New specialized dining options include the first-ever Relais & Chateaux wine-themed restaurant at sea. At night the Terrace Cafe restaurant becomes the "La Terrazza," an Italian-themed nighttime dining venue. This is the restaurant for guests who want a more relaxed dress code at dinner. There is also the new Viking Cooking School at Sea, for which the Viking company has designed and created special cooking equipment for Silversea's chefs and visiting culinary experts to conduct cooking classes and demonstrations on all their ships.

A new "Wellness Program" fully integrates classes in nutrition and exercise, fitness activities, spa therapies and healthy dining options. The goal is to create the opportunity for a "complete rejuvenation of mind, body and soul while at sea."

New onboard and shoreside enrichment programs involve famous chefs, politicians, writers, and explorers. Expanded Internet and WiFi capabilities, they have recently launched a service that allows guests to use their cell phones and PDA devices while at sea.

Silversea Cruises at a Glance:

  • Children's programs: no
  • Tips included: yes
  • Wine & Alcohol included: yes
  • Onboard male hosts: yes, known as "Social Ambassadors"
  • open seating dining: yes
  • large staterooms with balconies: yes
  • singles supplements: range as low as an additional 10%, up to 100%, depending on cabin selection and saildate.

Crystal Cruises - Best Large Luxury Cruise Line

Cruising in Style on Crystal Serenity

It's hardly your typical luxury line -- not that there's anything wrong with that.

It isn't often one can revise an old perception for the better, but we just left the Crystal flagship, Serenity, and that is exactly what I must do. My last cruise on Crystal was more than 10 years ago, and that has been my only frame of reference for far too long. Serenity changed my entire view of Crystal Cruises, and I am now convinced it is one of the best lines in the world.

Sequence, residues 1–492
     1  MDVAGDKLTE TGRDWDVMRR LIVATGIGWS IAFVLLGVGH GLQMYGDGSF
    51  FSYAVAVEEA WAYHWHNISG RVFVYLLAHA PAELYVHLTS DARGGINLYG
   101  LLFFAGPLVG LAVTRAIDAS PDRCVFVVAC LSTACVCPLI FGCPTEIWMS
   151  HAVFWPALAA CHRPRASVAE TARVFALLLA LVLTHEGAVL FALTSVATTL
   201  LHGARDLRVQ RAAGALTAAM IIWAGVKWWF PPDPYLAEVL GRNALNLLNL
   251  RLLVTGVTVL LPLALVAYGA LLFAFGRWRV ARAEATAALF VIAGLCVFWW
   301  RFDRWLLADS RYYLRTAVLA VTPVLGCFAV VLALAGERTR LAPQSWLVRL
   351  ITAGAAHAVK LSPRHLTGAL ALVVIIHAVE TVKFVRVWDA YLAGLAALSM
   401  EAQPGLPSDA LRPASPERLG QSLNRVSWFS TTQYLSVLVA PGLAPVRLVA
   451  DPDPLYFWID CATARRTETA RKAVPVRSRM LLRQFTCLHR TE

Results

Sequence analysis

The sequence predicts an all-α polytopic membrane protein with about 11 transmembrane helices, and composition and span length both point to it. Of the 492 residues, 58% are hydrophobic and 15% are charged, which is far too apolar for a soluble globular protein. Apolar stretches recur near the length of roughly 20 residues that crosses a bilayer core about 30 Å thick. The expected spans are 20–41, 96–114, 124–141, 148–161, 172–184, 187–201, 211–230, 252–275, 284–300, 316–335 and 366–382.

Because its onboard style of operations are more consistent with those of a mainstream cruise line, early and late dinner seating with assigned tables, for example, it is easy to mistake Crystal for something more ordinary until you actually experience it. You are in for a surprise. Crystal is all luxury in everything that counts; accommodations, cuisine and service. And because of the quality of Crystal Serenity, I have even revised my personal definition of luxury cruising.

My old definition said specific amenities must be included in the cruise fare -- e.g. all alcoholic beverages and gratuities for room stewards, butler and waiters. It was also required that luxury ships be relatively small -- less than 35,000 tons and never more than a 500 passenger capacity. The final aspect of my definition included single-seating, open dining, not the traditional pre-assigned dining times and tables with two seatings per night.

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Celebrating the chefs   Officers up on the bridge